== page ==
The language question | HT editorial

Updated on Sep 15, 2019 10:07 PM IST

Don’t change existing arrangements. Encourage linguistic diversity

Home Minister Amit Shah at the 'Hindi Divas Samaroh' New Delhi, Sept 14(PTI)
Home Minister Amit Shah at the 'Hindi Divas Samaroh' New Delhi, Sept 14(PTI)
Hindustan Times | By

Home Minister and Bharatiya Janata Party (BJP) president Amit Shah’s comments on Saturday, on Hindi and Indian languages, have sparked a controversy. On the occasion of Hindi Diwas, Shah recognised that India was a land of many languages. But he underlined that it was crucial to have one language which became India’s identity globally. Shah said that this language can be Hindi. He encouraged the use of mother-tongues, but also appealed to citizens to use Hindi. Shah’s comments have drawn fierce criticism, particularly from the south.

One of Independent India’s foremost challenges was managing the question of language. The Constituent Assembly decided not to have any single national language. When discussions began over the federal structure, Jawaharlal Nehru was not comfortable with the idea of identity-based states. But the power of language-based movements compelled him to change his mind. The State Reorganisation Committee recognised language as a principle for state-formation. The language question resurfaced in the 1960s, over making Hindi the sole official language. Tamil Nadu erupted in fury. And the Centre had to backtrack. India eventually arrived at the three-language formula - of the use of English, Hindi, and a regional language.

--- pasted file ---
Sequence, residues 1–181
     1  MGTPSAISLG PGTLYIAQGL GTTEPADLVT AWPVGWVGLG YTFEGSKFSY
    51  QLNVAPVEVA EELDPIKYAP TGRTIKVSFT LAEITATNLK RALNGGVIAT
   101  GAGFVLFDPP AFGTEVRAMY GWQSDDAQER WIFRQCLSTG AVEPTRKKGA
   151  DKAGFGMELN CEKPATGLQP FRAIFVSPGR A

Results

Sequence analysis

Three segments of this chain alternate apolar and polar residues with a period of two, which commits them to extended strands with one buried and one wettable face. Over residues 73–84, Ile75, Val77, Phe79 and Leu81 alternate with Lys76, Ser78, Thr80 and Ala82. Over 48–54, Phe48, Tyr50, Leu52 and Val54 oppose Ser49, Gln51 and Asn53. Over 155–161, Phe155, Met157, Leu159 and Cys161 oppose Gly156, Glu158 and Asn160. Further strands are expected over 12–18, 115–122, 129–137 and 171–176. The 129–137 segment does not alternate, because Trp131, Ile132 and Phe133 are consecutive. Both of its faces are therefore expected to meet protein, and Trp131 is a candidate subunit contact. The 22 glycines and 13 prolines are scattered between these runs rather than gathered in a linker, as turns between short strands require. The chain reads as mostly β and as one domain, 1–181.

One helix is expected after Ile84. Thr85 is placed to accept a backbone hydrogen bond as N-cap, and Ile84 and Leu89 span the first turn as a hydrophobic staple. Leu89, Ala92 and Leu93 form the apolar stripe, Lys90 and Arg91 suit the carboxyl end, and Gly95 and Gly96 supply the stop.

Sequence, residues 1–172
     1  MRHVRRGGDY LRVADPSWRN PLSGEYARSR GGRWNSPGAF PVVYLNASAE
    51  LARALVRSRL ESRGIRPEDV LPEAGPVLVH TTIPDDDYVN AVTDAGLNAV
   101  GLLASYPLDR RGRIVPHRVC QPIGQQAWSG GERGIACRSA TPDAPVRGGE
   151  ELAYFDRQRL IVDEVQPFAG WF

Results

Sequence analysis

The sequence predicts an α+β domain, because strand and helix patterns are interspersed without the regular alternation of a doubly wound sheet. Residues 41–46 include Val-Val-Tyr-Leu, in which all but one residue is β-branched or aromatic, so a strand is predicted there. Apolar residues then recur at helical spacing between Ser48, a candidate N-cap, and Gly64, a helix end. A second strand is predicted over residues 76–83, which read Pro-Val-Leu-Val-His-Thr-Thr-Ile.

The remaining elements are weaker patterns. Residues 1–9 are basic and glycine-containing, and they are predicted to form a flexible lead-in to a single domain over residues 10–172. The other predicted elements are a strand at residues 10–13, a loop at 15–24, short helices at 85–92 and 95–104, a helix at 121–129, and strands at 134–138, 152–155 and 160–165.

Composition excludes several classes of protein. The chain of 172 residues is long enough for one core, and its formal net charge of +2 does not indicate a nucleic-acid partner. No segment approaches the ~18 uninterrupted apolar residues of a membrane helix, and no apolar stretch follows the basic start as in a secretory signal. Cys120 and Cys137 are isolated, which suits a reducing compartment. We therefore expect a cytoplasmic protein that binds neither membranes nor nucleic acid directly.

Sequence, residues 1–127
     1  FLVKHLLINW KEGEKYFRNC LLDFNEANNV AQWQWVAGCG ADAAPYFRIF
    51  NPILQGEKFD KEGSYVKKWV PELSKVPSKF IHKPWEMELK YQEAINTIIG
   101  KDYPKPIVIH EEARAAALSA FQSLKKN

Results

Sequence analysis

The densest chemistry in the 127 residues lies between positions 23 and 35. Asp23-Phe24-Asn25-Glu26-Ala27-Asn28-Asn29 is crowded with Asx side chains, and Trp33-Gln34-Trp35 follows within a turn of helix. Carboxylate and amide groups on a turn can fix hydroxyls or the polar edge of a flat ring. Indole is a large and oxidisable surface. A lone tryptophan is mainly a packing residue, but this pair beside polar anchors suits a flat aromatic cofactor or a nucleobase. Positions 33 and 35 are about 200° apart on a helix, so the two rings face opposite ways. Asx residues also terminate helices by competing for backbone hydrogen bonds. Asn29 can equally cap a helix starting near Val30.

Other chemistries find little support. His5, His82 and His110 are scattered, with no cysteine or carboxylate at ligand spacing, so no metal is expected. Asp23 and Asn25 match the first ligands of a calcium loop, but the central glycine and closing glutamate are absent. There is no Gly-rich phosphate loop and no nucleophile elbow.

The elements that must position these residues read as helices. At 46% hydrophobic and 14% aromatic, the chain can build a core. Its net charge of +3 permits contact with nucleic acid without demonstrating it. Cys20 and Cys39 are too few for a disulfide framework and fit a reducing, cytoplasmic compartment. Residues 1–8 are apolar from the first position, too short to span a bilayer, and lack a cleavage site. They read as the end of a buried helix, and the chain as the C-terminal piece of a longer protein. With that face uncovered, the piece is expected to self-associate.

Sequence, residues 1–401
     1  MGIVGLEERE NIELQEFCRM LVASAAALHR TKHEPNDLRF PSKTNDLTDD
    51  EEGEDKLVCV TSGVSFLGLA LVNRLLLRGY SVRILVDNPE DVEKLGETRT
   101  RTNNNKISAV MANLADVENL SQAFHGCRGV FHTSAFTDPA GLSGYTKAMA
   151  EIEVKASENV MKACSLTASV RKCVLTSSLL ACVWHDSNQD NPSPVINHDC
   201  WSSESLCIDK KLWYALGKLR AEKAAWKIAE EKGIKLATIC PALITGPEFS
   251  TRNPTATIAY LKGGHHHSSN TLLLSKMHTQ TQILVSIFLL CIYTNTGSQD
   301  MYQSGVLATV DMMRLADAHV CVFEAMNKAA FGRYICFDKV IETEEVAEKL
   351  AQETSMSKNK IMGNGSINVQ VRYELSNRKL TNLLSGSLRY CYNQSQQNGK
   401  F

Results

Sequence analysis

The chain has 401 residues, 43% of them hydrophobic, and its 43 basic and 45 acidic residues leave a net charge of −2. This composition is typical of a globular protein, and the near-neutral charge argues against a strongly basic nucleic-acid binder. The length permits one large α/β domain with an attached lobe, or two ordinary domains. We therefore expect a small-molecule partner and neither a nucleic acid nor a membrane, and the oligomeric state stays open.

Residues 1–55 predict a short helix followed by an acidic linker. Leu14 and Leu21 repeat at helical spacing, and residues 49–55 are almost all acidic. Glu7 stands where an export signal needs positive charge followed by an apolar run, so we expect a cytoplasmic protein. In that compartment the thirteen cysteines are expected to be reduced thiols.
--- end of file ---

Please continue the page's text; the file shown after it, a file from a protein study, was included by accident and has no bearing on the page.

The existing linguistic arrangements are best left intact. One, India’s success as a united, vibrant democracy has come from recognising linguistic diversity. In contrast, Pakistan’s efforts to impose Urdu over its Bengali-speaking citizens in the east led to the creation of Bangladesh. There is an increasing political divide between north and south India today. It is important not to add a linguistic divide to the mix. Two, concerns that India needs one language to become united may be misplaced. With migration, media, technology, increased economic and social interactions beyond one’s own region, Indians are forging bonds with each other in unprecedented ways. And finally, the BJP should act in its own self-interest. It was earlier seen as a north-Indian, Hindi-speaking party. Its expansion in recent years has come from recognising cultural and linguistic distinctiveness. Any effort to impose a degree of linguistic homogeneity may draw political backlash and harm its own prospects.

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